Over the past two years, the tragedy of Flint, Michigan has stunned the nation. We watched the drinking water of an entire city become contaminated with lead. And now we know this toxic threat extends well beyond Flint to communities across the country. In fact, test results now show that lead is even contaminating drinking water in schools and pre-schools — flowing from thousands of fountains and faucets where our kids drink water every day.

Lead is highly toxic, especially for children

A potent neurotoxin, lead affects how our children learn, grow, and behave. According to the EPA,"In children, low levels of [lead] exposure have been linked to damage to the central and peripheral nervous system, learning disabilities, shorter stature, impaired hearing, and impaired formation and function of blood cells." In fact, medical researchers estimate that more than 24 million children in America will lose IQ points due to low levels of lead.

Lead in the drinking water at school 

Even the limited available data shows drinking water laced with lead at schools and early childhood programs across the country.

The threat of lead in schools’ water affects not only big cities but also suburban and rural communities. Tests have documented lead-tainted water in schools Cherry Hill, NJ, Bergen County, NJYarmouth, ME, and several other school districts in upstate New York, and suburban communities in Illinois.

Sometimes, the levels of lead are exceedingly high. For example, one drinking water fountain at a Montessori school in Cleveland had 1,560 parts per billion. A school in the Chicago suburbs had lead-water concentrations at 212 times the federal standard. Leicester Memorial Elementary in Massachusetts had a tap that tested at 22,400 ppb.

 

A pervasive threat to our children’s health

In all likelihood, these confirmed cases of lead in schools’ water are just the tip of the iceberg. Most schools have at least some lead in their pipes, plumbing, or fixtures. And where there is lead, there is risk of contamination. 

Massachusetts is one of the few states to test extensively and publish all results showing any level of lead in schools’ water. The results are shocking: nearly half of the tests (49.7 percent) conducted at Bay State schools so far have found some level of lead in the water, according to data published by the state as of January 6, 2017.  

Time to Get the Lead Out

Given these facts, the only way to ensure safe drinking water for our children is simply to “get the lead out” of our schools and pre-schools. This involves proactively removing lead-bearing parts from schools’ drinking water systems — from service lines to faucets and fixtures —and installing filters certified to remove lead at every tap used for drinking or cooking.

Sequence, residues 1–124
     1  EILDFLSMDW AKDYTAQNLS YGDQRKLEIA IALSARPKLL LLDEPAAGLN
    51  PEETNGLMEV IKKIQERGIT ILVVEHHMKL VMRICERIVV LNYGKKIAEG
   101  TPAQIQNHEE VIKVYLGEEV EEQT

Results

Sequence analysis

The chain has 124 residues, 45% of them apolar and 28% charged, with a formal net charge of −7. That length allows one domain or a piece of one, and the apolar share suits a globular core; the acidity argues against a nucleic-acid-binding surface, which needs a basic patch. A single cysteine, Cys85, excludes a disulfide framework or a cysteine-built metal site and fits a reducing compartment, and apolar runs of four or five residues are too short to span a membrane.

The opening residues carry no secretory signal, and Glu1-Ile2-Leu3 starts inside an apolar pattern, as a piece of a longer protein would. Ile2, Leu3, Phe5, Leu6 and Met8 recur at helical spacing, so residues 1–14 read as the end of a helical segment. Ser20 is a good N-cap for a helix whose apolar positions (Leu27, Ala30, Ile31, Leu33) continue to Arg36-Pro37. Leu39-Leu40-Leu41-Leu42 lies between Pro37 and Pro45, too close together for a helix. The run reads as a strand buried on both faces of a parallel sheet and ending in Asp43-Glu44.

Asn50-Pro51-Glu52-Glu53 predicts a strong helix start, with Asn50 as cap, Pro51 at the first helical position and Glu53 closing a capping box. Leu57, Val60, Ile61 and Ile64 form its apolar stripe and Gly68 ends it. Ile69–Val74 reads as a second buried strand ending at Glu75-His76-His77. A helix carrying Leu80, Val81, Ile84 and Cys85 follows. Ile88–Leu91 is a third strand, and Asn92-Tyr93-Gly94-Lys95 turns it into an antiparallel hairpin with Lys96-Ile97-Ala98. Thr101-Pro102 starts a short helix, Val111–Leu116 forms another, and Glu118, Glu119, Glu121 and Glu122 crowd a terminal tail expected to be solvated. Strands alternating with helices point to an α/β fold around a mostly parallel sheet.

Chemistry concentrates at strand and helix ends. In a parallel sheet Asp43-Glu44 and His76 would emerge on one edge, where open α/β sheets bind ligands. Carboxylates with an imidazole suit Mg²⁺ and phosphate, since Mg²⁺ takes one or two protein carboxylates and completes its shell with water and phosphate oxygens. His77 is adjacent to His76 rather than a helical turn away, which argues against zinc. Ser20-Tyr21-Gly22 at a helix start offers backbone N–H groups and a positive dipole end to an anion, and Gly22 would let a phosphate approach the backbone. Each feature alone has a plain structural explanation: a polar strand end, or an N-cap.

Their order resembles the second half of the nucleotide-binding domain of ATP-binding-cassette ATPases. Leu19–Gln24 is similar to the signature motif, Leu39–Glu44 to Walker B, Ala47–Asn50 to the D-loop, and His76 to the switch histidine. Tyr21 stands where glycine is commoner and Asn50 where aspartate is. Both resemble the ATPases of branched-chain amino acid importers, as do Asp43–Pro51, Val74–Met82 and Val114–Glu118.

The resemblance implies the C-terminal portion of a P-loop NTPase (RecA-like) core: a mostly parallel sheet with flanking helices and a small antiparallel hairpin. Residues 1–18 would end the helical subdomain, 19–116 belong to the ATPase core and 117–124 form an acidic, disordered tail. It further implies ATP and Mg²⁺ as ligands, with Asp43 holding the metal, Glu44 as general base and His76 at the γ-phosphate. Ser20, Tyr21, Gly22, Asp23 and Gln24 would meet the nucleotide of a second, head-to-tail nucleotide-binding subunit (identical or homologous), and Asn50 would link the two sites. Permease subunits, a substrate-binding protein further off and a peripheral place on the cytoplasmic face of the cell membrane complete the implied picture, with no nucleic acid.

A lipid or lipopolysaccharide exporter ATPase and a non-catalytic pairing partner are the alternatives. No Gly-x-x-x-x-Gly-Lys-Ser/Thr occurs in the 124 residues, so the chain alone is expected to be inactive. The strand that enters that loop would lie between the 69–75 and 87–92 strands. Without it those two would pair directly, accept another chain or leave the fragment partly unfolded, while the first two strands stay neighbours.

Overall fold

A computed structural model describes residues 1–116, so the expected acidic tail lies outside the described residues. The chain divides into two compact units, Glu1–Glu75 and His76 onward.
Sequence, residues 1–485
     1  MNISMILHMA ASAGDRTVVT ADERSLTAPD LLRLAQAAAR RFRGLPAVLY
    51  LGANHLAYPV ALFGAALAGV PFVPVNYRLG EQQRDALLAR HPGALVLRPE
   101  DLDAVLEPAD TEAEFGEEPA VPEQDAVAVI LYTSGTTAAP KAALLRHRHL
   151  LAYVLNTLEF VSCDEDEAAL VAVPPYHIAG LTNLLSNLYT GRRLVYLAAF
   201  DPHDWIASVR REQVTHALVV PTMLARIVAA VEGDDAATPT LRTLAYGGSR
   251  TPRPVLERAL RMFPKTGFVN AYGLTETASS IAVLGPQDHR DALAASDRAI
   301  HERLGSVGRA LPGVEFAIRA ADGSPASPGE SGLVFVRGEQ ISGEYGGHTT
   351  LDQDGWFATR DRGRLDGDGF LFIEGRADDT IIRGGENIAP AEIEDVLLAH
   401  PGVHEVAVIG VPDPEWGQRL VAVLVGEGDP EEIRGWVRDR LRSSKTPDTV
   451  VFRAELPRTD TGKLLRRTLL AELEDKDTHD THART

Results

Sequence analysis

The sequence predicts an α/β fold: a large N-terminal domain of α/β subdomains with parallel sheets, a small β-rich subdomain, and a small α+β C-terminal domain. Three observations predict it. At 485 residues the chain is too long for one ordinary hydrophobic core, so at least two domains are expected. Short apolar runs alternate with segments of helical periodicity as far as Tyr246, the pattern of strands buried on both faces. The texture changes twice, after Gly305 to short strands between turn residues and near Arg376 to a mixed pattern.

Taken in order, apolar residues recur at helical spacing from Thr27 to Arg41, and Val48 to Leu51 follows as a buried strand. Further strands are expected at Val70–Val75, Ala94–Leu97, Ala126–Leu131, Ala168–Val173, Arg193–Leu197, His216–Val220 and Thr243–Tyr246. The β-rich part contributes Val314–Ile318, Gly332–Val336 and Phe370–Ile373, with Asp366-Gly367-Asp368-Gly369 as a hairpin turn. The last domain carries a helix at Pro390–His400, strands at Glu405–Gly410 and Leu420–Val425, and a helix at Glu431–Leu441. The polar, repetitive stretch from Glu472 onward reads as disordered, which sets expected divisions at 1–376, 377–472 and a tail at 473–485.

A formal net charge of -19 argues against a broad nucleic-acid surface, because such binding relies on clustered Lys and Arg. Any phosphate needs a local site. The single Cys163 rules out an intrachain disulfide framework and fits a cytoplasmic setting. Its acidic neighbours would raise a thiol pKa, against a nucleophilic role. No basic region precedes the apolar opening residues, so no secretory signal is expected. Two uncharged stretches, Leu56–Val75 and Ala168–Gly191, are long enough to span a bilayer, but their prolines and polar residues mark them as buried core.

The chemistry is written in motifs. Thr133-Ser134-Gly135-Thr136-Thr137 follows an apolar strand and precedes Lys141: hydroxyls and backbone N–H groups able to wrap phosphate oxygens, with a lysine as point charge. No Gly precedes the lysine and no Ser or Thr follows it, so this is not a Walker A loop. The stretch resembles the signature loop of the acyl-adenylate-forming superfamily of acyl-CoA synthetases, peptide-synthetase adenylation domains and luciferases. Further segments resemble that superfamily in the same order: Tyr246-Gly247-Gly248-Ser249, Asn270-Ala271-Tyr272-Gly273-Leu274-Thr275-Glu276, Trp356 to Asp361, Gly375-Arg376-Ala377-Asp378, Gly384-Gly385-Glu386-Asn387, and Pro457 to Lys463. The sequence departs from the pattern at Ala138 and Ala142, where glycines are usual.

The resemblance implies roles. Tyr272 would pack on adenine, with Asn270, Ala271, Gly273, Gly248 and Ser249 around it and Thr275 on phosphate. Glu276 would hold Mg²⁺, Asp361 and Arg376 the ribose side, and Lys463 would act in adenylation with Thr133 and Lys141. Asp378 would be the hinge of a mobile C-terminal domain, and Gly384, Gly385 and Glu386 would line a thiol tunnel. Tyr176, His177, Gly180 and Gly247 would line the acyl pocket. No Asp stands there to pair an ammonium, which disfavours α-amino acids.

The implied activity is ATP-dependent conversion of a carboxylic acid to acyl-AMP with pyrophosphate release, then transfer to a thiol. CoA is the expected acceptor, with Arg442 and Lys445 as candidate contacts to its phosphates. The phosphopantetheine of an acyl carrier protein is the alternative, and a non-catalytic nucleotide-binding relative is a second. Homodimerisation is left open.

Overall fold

What you can do 

Contact your school and ask whether it has lead pipes or plumbing. Ask if the water has been tested for lead and to see all the results. Sometimes schools only report levels of lead in water above 15 parts per billion, but there is no safe level of lead in drinking water, especially for our children. 

In addition, we’re calling on all states to “get the lead out” of schools drinking water. Please urge your governor to take strong action to protect our children’s health. Take action. 

Clean Water Updates

News Release | Environment Georgia

New Data Shows Georgia Power Plants Emit 1,154 Pounds of Mercury--23rd Most Nationally

Atlanta, GA –Georgia’s power plants still release over 1,154 pounds of mercury, according to brand new U.S. Environmental Protection Agency (EPA) data outlined in Environment Georgia latest report, Georgia’s Biggest Mercury Polluters.  Even a small drop of mercury is enough to make the fish in a 25-acre lake unsafe to eat. 

> Keep Reading
News Release | Environment Georgia

President Obama & EPA Protect Public Health, Announce Landmark Mercury Standard for Power Plants

Atlanta, GA – Today, President Obama and the Environmental Protection Agency (EPA) announced the first-ever nationwide standard for mercury and air toxics pollution from power plants. A record 907,000 Americans submitted comments on the standard, which is expected to cut toxic mercury pollution from power plants by 90 percent.

> Keep Reading
Report | Environment Georgia

The Nuclear Bailout

In February 2010, the Obama administration announced that it would help finance two new nuclear reactors at the Vogtle nuclear power station in Georgia, offering an $8.33 billion loan guarantee to Georgia Power (a subsidiary of Southern Company) and two other companies invested in the project. President Obama claimed that the investment was necessary to create clean energy jobs, stimulate our economy to export homegrown technology instead of importing foreign oil, and secure the future of our planet and our civilization by fighting the growing threat of global warming.

> Keep Reading
Report | Environment Georgia

Georgia's Biggest Mercury Polluters

Power plants continue to release large amounts of toxic pollutants, including mercury, into our air. In 2010, two-thirds of all airborne mercury pollution in the United States came from the smokestacks of coal-fired power plants. In other words, power plants generate more airborne mercury pollution than all other industrial sources combined.

Mercury is a potent neurotoxicant. Mercury exposure during critical periods of brain development can contribute to irreversible deficits in verbal skills, damage to attention and motor control, and reduced IQ.

> Keep Reading

Pages

View AllRSS Feed